As a visual designer working on agile projects, I’ve said before how it’s easy to lose sight of the larger visual language in agile sprints. When you’re tackling user stories with your head down, it’s hard to come up for air and take stock of how your visual language is progressing.
To get around this, I like to keep a scratch pad of assets used throughout the project. I treat it like a back pocket notebook; rough and unorganised, akin to a diary, tracking the progression of the design language at that time.
After designing through each sprint or a feature, I decompile any design assets created and dump them into the scratch pad… warts and all.
I try to avoid using artboards in Sketch at this stage. Instead I dump the assets into a single infinite canvas, avoiding any formatting or layout. This phase is just like creating element collages. Using an infinite canvas to dump ideas and lockups helps to avoid any worry about how it all looks.
This zoomed-out view acts as a squint test. Elements like type, buttons, colour, and patterns get mushed together. As a result small discrepancies get highlighted. Better still, new ideas and directions bubble to the surface.
As the project progresses, the visual language stabilises. The majority of elements are no longer disparate. Any outliers get checked and balanced against the broader style. The scratch pad becomes the base for new and existing styles.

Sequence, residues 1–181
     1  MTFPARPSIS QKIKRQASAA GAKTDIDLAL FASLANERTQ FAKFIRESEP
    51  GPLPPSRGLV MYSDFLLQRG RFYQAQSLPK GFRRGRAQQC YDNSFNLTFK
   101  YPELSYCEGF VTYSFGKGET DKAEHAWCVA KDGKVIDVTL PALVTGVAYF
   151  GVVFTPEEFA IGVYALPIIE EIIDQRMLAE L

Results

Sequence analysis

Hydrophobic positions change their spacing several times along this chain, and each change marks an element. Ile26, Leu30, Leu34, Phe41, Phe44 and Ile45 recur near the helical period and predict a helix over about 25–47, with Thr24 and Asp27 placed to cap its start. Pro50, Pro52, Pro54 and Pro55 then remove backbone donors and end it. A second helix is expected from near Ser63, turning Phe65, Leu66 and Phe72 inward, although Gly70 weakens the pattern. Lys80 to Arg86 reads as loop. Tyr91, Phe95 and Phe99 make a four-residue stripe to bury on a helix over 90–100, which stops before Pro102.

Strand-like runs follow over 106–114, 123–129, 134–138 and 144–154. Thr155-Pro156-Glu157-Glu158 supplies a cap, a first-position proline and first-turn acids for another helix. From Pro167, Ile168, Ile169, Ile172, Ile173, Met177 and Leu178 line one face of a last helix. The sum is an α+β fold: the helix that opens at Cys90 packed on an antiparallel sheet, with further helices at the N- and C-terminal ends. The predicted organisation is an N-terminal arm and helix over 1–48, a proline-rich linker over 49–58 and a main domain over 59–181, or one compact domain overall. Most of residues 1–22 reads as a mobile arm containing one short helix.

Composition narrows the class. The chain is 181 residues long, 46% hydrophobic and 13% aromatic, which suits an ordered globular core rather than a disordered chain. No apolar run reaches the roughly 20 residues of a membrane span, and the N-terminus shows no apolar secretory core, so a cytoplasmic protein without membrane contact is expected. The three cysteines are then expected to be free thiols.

Consolidate for cohesion
It might not be groundbreaking, but this routine helps consolidate a diverse group of visual elements into a unified language. The 30,000 feet view helps maintain consistency in agile projects. Though it requires maintenance and routine, the outcomes can far outweigh the discipline required.
I’ve found the creation of this scratch pad can have an extra benefit. With the design language solidified, the elements get divided into their parent categories. Colour palettes, typography, button styles, forms, and more. All form a rudimentary style guide, ready to share with the client. Boom.